A banal day in June and an unbearable sun beats down upon the parched earth giving no respite from the sultry heat. Suddenly a wisp of grey fluffy clouds appear on the horizon; riding on a resurgent wind they stride across the sky hurriedly, afraid of being detected by the sun. The blinding brightness of the day is supplanted by a grayness that smells of imminent rain as hordes of nimbus blow the trumpet, marching to overpower the sun. And as the first drops of water descend from somber skies the stifling heat of the summer is forgotten and heart revels in the embrace of the monsoons.
Traditionally traveling in the monsoon season is perceived to be a troublesome experience with the rains viewed as a nuisance responsible for washing away neatly laid travel itineraries. However for someone who chooses to look past the annoyance of soaking wet clothes, someone who battles the uncertainties of wobbly mountains and vicious water bodies, someone who is willing to dance in the rain rather than scurrying for cover the monsoon months are full of promises and surprises. And to really appreciate the power and beauty of the rains one must venture to a few chosen places spread across India where it reigns supreme for several months every year.
In the rainy season as one drives deeper into the Western Ghats from the coffee town of Chikmagalur and heads towards coastal Karnataka the senses are overwhelmed – bright green paddy fields at the foothills of heavily wooded rolling mountains covered in mist, muddy streams threading the forests, nonchalant farmers huddled under tarpaulin sheets walking their bullocks to the fields and the musty ever-present smell of dampness. In spite of an incessant downpour the temple town of Sringeri remains abuzz with pilgrims heading to the impressive Vidyashankara Temple that dates back to 14th century. Skirting the temple complex is the river Tunga, a docile water-body for most of the year, which is transformed into a raging torrent in monsoons. The temple, in Hoysala and Chalukya style of architecture, has exquisite sculptures of deities adorning its outer walls along with depictions of floral designs, mythological creatures and stories from epics.
Driving further towards Udupi from Sringeri one comes across the sleepy village of Agumbe. The character of this non-descript settlement is akin to thousands of other villages dotting the Indian countryside save for the fact that this inconspicuous village is one of the wettest places in the country. Bestowed with the moniker “Cherrapunji of the South” Agumbe receives an inordinate amount of rainfall so much so that its appearance and the habits of its denizens are greatly influenced by the never-ending rain. A curious blend of green and blue is seen in the village - moss and lichen cling to the outer walls of houses with sloping roofs and small gardens surrounded by picket fences lending a touch of green; blue tarpaulin sheets are everywhere to counter the effect of the unforgiving rain. The Venugopal Temple in the village centre harks back to the Hoysala era though several features of the Tulunadu style of architecture differentiate it from its contemporaries. Facing the entrance to the temple and under a towering tree are stone sculptures dedicated to the dreaded serpent that inhabits Agumbe’s rainforests – King Cobra. The dense forests around Agumbe are a treasure trove of flora and fauna and ARRS - Agumbe Rainforest Research Station – is at the forefront of championing conservation efforts to maintain this biodiversity. The jungles hide in their belly clear creeks and tempestuous waterfalls that are infused with life during the monsoons and are ideal for explorers hankering for an adventure.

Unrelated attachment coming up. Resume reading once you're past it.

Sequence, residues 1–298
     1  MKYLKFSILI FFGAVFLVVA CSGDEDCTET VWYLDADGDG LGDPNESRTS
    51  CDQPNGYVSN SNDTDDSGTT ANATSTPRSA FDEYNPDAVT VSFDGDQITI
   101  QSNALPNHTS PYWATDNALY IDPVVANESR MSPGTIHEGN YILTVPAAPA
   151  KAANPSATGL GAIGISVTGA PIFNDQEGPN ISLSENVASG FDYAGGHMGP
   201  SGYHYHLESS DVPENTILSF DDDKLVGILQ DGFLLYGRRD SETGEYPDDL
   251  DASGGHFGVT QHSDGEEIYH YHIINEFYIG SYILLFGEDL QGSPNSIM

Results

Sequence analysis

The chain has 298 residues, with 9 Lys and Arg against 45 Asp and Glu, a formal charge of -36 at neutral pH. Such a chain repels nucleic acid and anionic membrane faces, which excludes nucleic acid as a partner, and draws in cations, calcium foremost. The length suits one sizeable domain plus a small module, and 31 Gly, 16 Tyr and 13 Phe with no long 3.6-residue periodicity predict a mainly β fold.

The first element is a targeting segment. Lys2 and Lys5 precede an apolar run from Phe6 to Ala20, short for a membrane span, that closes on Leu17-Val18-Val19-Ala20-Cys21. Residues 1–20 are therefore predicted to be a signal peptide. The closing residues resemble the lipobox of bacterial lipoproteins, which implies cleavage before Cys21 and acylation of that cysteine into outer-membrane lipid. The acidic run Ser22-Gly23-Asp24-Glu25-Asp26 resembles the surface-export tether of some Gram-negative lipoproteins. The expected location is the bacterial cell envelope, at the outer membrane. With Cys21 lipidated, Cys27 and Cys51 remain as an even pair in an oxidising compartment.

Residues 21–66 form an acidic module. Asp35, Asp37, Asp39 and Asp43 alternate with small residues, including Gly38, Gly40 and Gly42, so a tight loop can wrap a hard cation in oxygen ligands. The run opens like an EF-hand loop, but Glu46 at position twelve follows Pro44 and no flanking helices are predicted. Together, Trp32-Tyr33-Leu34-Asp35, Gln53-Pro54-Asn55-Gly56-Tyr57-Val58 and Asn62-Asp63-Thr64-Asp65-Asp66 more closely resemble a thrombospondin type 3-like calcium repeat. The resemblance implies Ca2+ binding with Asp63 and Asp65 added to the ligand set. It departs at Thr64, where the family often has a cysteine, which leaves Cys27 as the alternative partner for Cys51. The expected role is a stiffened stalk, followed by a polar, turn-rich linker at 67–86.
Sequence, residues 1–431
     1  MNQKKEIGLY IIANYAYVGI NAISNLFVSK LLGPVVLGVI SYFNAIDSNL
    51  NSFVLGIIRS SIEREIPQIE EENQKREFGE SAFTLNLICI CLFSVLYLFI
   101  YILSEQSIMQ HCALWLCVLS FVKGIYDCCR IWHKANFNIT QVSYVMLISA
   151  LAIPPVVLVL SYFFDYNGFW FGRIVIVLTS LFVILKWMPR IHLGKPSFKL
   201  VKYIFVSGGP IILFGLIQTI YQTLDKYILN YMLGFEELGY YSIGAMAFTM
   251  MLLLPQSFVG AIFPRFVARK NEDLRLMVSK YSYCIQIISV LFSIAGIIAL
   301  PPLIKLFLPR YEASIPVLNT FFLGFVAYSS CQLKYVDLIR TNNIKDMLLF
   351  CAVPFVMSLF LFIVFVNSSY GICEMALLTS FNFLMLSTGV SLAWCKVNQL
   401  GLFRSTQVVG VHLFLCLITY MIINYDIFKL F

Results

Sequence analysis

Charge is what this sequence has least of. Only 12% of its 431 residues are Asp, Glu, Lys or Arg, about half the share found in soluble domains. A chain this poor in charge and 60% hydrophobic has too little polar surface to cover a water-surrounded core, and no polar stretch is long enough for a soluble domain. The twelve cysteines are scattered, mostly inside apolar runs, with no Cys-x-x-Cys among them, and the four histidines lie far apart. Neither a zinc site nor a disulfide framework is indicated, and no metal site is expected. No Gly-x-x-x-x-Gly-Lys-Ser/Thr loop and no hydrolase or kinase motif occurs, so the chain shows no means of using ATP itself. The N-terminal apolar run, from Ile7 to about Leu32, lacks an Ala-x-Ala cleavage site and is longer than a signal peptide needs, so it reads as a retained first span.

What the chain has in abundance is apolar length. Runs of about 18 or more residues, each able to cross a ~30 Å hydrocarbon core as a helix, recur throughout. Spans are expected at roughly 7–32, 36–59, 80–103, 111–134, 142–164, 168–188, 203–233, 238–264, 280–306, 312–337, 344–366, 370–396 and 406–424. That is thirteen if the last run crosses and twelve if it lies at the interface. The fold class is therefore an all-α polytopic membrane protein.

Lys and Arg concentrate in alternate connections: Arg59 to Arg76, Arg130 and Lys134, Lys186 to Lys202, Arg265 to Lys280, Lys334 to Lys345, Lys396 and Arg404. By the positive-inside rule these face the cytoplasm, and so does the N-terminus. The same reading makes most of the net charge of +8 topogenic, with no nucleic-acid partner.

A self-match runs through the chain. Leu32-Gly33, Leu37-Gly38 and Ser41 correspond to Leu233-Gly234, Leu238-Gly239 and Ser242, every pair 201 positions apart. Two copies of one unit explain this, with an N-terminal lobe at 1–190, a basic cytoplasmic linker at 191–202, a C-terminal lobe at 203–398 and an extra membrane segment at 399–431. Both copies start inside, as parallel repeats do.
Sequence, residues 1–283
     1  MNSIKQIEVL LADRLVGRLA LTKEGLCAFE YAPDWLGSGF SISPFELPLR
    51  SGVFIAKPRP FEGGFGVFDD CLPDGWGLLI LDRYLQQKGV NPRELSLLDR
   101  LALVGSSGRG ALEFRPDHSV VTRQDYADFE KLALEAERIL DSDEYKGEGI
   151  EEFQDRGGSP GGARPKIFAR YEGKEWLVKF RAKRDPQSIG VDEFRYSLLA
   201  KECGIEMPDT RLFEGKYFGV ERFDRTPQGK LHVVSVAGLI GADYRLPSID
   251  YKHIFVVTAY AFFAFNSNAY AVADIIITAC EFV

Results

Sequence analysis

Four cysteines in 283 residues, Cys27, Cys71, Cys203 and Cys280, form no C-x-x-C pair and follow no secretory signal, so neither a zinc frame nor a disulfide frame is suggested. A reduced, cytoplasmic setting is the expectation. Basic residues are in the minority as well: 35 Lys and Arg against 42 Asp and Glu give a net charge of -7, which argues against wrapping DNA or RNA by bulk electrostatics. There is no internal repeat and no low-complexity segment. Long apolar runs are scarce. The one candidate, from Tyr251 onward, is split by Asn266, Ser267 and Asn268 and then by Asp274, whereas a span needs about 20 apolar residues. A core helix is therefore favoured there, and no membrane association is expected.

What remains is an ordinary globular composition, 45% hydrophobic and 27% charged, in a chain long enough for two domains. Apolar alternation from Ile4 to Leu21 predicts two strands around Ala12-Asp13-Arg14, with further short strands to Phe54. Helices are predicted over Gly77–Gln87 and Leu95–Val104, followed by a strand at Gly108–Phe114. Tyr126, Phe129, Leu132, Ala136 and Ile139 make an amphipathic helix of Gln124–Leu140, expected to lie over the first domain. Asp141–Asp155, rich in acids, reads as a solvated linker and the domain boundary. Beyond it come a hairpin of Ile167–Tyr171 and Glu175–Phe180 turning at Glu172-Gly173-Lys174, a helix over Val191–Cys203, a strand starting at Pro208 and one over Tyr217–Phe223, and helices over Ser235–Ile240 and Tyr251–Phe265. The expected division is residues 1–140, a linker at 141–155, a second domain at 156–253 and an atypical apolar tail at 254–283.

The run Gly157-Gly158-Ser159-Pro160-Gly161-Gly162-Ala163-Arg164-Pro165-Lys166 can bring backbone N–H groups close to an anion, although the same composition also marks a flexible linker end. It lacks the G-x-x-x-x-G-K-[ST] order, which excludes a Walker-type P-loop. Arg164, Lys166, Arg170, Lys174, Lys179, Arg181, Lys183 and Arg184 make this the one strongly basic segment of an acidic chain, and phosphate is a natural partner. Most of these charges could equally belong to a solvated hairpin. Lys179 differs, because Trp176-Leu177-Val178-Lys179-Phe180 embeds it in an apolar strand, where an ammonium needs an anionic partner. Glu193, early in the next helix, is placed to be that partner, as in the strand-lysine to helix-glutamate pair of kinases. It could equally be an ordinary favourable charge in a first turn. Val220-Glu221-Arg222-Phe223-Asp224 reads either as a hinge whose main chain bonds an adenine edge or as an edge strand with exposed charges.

Travelers hoping to spend a night in Agumbe invariably find themselves in Kasturi Ajji’s dodda mane (big house in Kannada). The homely milieu, delicious home-made food and unselfish hospitality of the adorable hosts complete a memorable trip to this idyllic village. A traditional house with carved wooden doors, narrow stone staircases, neat cozy rooms, an in-house well and a large courtyard it showcases the best of local architecture. The laid-back pace of life in Agumbe complements the haughty rainy season when continuous rains hamper mobility and force people to stay indoors. One can grab hold of a book, find a secluded corner and sip a warm cup of tea while relishing the music of rain all day long.
A journey to Agumbe merits a visit to the 17th century Jain temple on the nearby Kundadri hill that is accessible by a motor able road climbing in sharp turns to the summit. A temple peppered with stone statues with two small ponds close by is perched on the top of the hill and is usually shrouded in dense fog during the rainy season. But when for a brief moment the mist clears one is treated to the sight of forests dotted with flooded rice fields stretching to the horizon accompanied by grumbling and rumbling grey clouds. And in this brief moment one feels the essence of the monsoons and an unexplainable joy, a reward for holding out a hand and grasping the nectar that descends from the heavens to wipe away the grime of a miserable summer.